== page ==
Some IL Hospitals to Receive Millions in Tax Breaks



SPRINGFIELD -- During spring session state leaders fought over how to fill the $2.7 billion hole in the state's broken medicaid system. Republicans wanted to cut the program more, and were against Quinn's plans to add revenue with new taxes, like the cigarette tax increase.

One aspect of the reform package includes tax breaks for investor owned hospitals that provide free care for the uninsured, like Kindred Hospital in Springfield.

Kristina Rasmussen, spokesperson for the Illinois Policy Institute, calls it unacceptable.
"Even as they were cutting their own backroom tax deals, the Illinois Hospital Association was pushing a tax on cigarette users," said Rasmussen.

The tax breaks for all Illinois investor-owned hospitals will add up to around $10 million.

"They're starting to implement the law now, so we're having to pay for some of the things in there. This was an attempt to try and find savings for the state, instead it ended up being a bill where they hiked taxes and handed out tax breaks to other people," said Rasmussen.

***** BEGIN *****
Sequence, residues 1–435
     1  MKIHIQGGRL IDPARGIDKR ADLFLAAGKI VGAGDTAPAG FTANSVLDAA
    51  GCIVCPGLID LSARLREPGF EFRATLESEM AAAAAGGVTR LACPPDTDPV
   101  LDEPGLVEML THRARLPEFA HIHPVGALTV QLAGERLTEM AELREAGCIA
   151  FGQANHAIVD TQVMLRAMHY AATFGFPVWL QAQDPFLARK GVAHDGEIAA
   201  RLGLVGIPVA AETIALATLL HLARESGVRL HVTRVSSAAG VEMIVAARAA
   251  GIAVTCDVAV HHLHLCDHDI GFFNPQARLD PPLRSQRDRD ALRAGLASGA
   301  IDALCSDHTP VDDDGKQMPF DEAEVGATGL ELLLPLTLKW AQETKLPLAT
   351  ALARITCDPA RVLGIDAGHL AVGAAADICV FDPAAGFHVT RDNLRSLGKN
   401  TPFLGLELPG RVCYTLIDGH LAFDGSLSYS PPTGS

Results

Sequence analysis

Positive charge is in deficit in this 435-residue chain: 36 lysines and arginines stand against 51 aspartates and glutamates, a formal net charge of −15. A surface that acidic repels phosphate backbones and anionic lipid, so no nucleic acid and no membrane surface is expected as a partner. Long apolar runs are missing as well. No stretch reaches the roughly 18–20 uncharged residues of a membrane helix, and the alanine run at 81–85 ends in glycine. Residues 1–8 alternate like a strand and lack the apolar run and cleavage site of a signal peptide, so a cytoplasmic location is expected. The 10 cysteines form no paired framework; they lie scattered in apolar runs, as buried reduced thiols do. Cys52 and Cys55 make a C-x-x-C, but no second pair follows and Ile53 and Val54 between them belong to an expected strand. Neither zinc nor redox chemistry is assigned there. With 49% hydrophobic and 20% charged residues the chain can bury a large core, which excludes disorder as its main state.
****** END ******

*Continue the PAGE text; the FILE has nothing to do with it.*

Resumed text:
Illinois Hospital Association spokesman Danny Chun says the tax break was introduced in February 2011, and is one example of many compromises on both sides.

"Investor owned hospitals in Illinois provide a substantial amount of charity care: more than $24 million state-wide to the uninsured," said Chun. "The legislation appropriately recognized and supports that contribution as being important to the state," he added.

He says the entire reform package must be taken into account, including the agreed upon 'Enhanced Hospital Assessment'.

"That is providing the state with an additional $100 million in new funding for state medicaid activities. Both of those numbers are greatly above the value of the tax credit and I think that's important for people to know," said Chun.


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